Revelation has some chronological order, but it is a book of judgments and Jesus is revealed as Prophet, High Priest and King. The Prophet portion is dealt with the first six ‘seals’, while the the other two offices are revealed in the seventh seal. Jesus office as our High Priest is found in the first six trumpets, leaving the seventh trumpet and the final seven vials to interpret his office as King or Messiah. In this kind of interpretation we have some overlap. We also have inserts into the chronology that cannot be a part of the chronology of the office of Christ, but they are placed where they are to give meaning to what surrounds them. For example, Revelation 12 has a revelation of both the birth of Jesus on the Feast of Trumpets and his 3 ½ year ministry and battle with Satan. It also outlines what would occur 3 ½ years after his ascension into heaven. Revelation 13 is also an insert comprising the history of the captures of Jerusalem. We find this in the heads of the beast. It also reveals the False Prophet and inserts his entire life’s attack against the Messianic believers. So the False Prophet, though an insert, does not comprise as much time as the heads of the beast do. So there is a kind of chronology, but it isn’t strict chronology.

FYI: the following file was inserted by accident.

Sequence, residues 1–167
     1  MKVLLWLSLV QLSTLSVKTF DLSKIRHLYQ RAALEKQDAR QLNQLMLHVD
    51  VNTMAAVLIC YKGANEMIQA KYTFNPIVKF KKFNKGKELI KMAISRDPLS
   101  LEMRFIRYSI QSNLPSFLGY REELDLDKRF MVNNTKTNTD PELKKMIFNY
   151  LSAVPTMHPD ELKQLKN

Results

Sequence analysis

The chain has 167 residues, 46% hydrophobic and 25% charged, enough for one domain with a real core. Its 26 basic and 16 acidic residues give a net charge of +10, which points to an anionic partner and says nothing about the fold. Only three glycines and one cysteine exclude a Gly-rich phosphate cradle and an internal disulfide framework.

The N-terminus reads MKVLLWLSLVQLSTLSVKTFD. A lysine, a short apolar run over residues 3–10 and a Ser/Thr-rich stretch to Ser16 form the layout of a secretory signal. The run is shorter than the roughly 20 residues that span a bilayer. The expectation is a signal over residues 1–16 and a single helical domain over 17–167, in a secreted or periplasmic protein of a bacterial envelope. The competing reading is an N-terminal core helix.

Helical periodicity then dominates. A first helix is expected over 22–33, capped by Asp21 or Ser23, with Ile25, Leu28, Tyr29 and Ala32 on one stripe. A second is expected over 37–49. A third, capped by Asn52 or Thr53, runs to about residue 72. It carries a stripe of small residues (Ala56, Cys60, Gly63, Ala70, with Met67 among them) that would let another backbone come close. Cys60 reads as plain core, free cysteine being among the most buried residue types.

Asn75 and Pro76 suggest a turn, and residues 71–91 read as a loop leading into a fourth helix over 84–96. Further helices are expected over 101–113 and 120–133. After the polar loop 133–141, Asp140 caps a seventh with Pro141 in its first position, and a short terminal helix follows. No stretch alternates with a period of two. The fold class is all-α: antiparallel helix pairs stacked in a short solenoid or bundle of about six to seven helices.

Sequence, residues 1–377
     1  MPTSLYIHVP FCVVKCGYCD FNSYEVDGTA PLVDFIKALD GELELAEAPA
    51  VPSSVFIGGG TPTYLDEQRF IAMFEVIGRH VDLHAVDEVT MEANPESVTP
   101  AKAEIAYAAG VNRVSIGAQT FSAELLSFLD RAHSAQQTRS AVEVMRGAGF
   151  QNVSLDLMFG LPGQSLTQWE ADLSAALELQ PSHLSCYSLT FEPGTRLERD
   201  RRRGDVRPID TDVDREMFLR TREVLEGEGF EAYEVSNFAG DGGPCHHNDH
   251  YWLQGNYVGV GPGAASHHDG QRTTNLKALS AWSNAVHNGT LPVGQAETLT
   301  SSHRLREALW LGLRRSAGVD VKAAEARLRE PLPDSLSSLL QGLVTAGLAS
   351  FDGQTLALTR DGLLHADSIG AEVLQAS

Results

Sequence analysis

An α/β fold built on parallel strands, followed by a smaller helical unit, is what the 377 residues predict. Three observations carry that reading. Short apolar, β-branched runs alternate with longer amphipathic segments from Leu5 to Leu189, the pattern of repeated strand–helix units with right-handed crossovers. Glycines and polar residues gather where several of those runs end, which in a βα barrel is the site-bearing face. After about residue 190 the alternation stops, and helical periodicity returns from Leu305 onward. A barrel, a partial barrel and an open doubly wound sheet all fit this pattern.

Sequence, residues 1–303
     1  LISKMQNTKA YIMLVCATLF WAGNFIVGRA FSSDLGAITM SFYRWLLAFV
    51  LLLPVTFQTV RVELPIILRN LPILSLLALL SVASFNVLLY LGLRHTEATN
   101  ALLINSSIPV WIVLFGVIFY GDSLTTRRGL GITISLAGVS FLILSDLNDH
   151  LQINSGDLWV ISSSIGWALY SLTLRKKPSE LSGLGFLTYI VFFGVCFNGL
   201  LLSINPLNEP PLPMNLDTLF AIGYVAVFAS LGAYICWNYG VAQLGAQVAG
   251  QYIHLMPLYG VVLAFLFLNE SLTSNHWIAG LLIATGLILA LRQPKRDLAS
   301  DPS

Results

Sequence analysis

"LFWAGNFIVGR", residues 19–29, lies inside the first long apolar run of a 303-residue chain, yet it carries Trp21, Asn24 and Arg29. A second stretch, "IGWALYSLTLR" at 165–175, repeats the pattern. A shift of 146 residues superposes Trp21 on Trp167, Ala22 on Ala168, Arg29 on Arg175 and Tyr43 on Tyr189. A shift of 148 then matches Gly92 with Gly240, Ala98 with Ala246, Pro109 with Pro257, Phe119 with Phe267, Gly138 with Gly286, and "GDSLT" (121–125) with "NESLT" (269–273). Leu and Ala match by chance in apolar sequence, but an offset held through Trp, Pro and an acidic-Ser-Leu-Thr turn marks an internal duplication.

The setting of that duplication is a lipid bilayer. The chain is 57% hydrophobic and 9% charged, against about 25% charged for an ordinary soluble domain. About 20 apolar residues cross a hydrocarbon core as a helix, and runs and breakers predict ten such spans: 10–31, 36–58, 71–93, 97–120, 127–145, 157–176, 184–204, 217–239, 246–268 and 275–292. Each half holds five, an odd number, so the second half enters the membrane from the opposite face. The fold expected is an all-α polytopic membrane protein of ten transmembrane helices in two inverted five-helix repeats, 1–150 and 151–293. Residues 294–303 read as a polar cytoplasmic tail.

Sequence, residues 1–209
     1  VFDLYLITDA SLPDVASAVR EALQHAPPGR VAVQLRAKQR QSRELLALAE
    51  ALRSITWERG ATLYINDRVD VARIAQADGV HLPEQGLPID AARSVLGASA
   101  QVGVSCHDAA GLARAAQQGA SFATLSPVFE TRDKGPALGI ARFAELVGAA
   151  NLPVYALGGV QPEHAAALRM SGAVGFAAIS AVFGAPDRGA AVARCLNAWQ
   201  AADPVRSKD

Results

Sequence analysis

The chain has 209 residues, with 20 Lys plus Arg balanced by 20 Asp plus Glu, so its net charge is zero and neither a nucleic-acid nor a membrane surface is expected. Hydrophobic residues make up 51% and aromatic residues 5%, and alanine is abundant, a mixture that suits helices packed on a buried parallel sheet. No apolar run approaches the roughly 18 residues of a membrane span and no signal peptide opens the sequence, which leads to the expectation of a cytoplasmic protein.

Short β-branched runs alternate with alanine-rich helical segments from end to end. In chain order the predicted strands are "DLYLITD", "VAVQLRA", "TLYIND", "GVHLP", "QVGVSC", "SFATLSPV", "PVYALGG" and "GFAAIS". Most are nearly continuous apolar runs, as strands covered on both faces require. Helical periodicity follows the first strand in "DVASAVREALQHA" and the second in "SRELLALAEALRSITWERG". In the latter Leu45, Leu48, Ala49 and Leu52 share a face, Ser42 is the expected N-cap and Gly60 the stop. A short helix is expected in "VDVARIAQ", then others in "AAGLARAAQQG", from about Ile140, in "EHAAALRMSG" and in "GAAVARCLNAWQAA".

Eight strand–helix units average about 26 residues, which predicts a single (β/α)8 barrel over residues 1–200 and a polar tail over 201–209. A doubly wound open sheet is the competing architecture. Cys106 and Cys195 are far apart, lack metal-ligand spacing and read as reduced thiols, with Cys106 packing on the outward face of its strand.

In Rev11, for example, we have the first mention of the beast. We see he is making war with the 2 witnesses and yet he does not rise to power until chapter 13.

      The Beast exists throughout Israel’s history after Solomon the King. Revelation 13, as I mentioned above, is an insert into chronology to give the identity of the Beast meaning.

      Rev14:8 an angel declares that Babylon is fallen, and yet she is not destroyed until chapter 18.

      We left chronology back in Revelation 11:15 with the sounding of the seventh trumpet. The book gives us at least three inserts into chronology that are not a part of the specific chronology of the book (Revelation 12 & 13) and the a general judgment of mystery Babylon (the Jews) in Revelation 14. Revelation 15 & 16 picks up strict chronology with pouring out of the seven last plagues or vials which comprise the blowing of the 7th trumpet. Revelation 17 and 18 offer a more complete explanation of both the judgment and the identity of Mystery Babylon the Great.

      Revelation 19 reveals the Judge and the judgment of his enemies. Revelation 20 reveals that Satan is dead and tells us about a very long time—an age—if you will, described as 1000 years. Does it last 1000 years? I don’t think so, but after this period of time Christ returns and finally destroys the works of the Devil, described here and in the final two chapters.

      So there is a sort’a, kind’a chronology, but there are a lot of tangents and “flash backs” along the way. It is a great book. I don’t have all the answers, but I am working on it. :-)